We felt a mixture of pride for the bravery of our soldiers, and anger at the senselessness of their deaths. It was heartbreaking to hear gravestone inscriptions written for men by their mothers – because they were too young to have wives and were really only boys of 17 or 18. When “dying for a worthy cause” was mentioned it really was difficult to reconcile this with the thought of young men being slaughtered fighting someone else’s battle. We were reminded of the bravery and dedication of the Red Cross nurses who spent sleepless weeks caring for wounded and diseased soldiers whilst shells fell all around their hospital ship, and heard of the reporters who tried valiantly to get the real stories published.
At 5:30am, the place was silent. All we could hear was the lapping of the ocean on the shore, and the air was eerily still and thick with anticipation. At this moment, it was not hard to imagine the soldiers dropping into the sea with their heavy packs (many of them drowned at this point) and coming ashore to the very spot where we were standing, to meet their death. The bones of thousands of unidentified soldiers lay under our very feet.
The ceremony was a moving affair, with speeches from our Prime Ministers, Prince Charles and representatives from Turkey. We sung our national anthems with pride and reflected more deeply than we ever had before during the annual two minutes of silence.
Once the dawn ceremony was over, it was time for the next part of our journey. We filed out of Anzac cove and began the trek up the steep 6km track towards Chunuk Bair (where we were security screened twice more). After 3km we left the Australians at Lone Pine for their own ceremony. Along the way we visited some of the many cemeteries dotted all over the Gallipoli national park, and stood in the remains of the trenches trying to imagine how life must have been for the soldiers. It was near impossible to do so.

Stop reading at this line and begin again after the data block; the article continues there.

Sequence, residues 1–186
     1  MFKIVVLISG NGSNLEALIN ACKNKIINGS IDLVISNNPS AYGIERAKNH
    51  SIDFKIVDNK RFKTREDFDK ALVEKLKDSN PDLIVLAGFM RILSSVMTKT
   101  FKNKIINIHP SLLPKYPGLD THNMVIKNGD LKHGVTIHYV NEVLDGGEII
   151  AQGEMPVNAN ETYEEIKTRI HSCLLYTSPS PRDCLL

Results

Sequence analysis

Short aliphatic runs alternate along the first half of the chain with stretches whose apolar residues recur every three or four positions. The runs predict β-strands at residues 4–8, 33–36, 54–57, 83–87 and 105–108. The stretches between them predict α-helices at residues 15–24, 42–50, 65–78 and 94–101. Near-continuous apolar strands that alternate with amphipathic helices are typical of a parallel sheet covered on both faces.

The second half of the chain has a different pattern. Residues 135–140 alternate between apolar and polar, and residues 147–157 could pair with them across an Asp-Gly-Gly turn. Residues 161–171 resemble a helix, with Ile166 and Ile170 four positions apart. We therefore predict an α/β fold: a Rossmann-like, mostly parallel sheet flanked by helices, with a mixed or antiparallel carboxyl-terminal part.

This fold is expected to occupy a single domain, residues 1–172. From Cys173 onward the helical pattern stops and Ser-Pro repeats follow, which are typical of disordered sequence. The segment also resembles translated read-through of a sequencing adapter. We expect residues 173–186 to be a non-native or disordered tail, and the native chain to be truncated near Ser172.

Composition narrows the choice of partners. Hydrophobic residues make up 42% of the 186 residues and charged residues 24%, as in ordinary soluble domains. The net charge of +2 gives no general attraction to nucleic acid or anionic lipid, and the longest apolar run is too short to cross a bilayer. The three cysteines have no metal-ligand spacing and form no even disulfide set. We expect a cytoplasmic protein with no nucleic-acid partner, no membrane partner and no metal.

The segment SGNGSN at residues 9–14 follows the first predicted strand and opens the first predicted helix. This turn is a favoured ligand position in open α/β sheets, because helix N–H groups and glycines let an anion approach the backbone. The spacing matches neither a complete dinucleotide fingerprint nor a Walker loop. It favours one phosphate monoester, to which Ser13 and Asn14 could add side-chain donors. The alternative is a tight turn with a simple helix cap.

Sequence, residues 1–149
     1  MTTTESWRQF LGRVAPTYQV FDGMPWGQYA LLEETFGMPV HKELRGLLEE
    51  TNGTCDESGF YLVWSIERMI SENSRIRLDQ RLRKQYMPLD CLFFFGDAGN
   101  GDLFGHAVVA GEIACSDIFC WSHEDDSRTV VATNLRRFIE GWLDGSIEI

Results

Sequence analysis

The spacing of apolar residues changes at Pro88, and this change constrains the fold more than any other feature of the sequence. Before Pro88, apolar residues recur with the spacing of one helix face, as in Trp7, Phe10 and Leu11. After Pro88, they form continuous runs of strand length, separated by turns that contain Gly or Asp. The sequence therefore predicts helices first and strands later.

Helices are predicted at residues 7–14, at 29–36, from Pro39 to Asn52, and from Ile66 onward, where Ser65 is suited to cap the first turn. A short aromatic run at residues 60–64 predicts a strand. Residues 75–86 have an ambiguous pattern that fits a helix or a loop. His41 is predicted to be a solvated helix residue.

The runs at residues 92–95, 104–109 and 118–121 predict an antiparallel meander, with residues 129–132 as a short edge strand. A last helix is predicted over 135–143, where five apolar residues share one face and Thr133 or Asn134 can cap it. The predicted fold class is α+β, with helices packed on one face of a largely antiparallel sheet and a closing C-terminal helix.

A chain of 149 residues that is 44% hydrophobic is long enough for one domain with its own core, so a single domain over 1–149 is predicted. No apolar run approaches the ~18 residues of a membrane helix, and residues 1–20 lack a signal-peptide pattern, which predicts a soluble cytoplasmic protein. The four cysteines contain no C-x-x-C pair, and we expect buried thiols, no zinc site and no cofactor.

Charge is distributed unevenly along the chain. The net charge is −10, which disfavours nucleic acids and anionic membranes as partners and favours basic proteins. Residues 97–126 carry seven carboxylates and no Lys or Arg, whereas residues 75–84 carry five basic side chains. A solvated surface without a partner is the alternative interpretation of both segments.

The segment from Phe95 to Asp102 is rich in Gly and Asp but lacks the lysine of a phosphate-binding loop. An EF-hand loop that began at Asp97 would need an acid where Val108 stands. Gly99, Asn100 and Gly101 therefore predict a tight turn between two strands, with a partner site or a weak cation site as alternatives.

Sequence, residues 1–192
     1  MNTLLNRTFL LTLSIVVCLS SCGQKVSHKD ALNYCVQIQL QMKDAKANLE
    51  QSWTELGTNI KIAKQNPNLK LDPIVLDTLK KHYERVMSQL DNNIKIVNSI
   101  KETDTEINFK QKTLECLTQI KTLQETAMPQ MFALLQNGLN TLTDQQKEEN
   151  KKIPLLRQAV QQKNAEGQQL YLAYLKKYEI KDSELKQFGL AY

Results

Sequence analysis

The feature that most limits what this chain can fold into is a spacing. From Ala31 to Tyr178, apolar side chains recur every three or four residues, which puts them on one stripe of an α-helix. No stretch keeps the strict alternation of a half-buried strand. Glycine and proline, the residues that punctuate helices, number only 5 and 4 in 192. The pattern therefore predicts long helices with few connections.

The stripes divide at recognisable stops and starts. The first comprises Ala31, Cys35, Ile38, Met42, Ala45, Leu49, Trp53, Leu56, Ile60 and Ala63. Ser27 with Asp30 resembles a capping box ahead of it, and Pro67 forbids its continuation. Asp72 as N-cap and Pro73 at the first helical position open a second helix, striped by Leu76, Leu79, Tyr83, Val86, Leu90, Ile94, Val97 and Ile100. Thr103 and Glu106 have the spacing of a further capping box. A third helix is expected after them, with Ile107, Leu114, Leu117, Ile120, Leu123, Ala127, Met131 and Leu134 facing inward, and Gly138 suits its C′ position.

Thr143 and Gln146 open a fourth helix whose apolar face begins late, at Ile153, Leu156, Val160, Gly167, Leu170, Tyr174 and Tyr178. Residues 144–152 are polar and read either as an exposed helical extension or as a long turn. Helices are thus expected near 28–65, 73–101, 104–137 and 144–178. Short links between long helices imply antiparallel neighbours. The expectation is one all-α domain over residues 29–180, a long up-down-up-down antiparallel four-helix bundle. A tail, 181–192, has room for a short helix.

At Chunuk Bair we had a 3 hour wait while the Turkish scouts commemorated their own victories, and the cold hard ground has never felt so welcoming! Our group lay down a blanket and slept solidly for these 3 hours after which time we were allowed to enter the site. The New Zealand service was somewhat more uplifting than the dawn ceremony, with more of a focus on celebrating the accomplishments and bravery of our soldiers. Prince Harry spoke at this service as well as John Key once again, and youth ambassadors from NZ entertained the crowd with New Zealand songs – from Crowded House to Pokarekareana. As we sung the national anthem and the service ended with a prayer, the emotion in the crowd was palpable and we felt very much at one with our countrymen.
After our service we were incredibly fortunate to be one of the first buses called up to drive back to Istanbul – many others were waiting until 9pm. Throughout the waiting and the services we were reminded that no matter how cold, or tired or hungry we were, our ancestors and predecessors endured much, much worse. Their actions and the sacrifices of their families determined our future, by way of contributing to the Allies’ victory, and in shaping our identity as a doggedly determined, remarkably resourceful and tremendously tough nation.
My own great grandfather fought at Gallipoli, and was one of the fortunate few who made it home. This makes the connection I felt with Anzac cove even stronger. There is something uniquely special about setting foot on such sacred ground, especially when it is somewhere we learn about, talk about and see pictures of every year. It was an incredible privilege and an indescribable experience to have visited this site which is such an important part of our history, and to remember the Anzacs in the very place where they lay down their lives.